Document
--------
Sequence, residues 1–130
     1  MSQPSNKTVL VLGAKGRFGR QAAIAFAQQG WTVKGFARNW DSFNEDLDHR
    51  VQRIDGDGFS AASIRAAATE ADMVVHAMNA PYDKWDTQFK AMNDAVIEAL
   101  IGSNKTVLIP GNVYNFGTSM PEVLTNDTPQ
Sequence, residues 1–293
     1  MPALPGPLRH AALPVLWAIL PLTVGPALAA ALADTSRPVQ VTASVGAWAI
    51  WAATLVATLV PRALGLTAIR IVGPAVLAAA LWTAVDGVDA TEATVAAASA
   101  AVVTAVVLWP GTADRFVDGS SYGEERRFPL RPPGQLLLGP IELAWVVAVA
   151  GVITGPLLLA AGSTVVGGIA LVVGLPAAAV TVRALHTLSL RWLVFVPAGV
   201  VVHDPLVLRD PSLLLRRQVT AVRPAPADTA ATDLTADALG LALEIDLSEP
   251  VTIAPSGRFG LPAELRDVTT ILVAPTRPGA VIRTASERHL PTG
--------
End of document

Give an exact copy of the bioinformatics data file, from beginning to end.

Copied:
Sequence, residues 1–130
     1  MSQPSNKTVL VLGAKGRFGR QAAIAFAQQG WTVKGFARNW DSFNEDLDHR
    51  VQRIDGDGFS AASIRAAATE ADMVVHAMNA PYDKWDTQFK AMNDAVIEAL
   101  IGSNKTVLIP GNVYNFGTSM PEVLTNDTPQ
Sequence, residues 1–293
     1  MPALPGPLRH AALPVLWAIL PLTVGPALAA ALADTSRPVQ VTASVGAWAI
    51  WAATLVATLV PRALGLTAIR IVGPAVLAAA LWTAVDGVDA TEATVAAASA
   101  AVVTAVVLWP GTADRFVDGS SYGEERRFPL RPPGQLLLGP IELAWVVAVA
   151  GVITGPLLLA AGSTVVGGIA LVVGLPAAAV TVRALHTLSL RWLVFVPAGV
   201  VVHDPLVLRD PSLLLRRQVT AVRPAPADTA ATDLTADALG LALEIDLSEP
   251  VTIAPSGRFG LPAELRDVTT ILVAPTRPGA VIRTASERHL PTG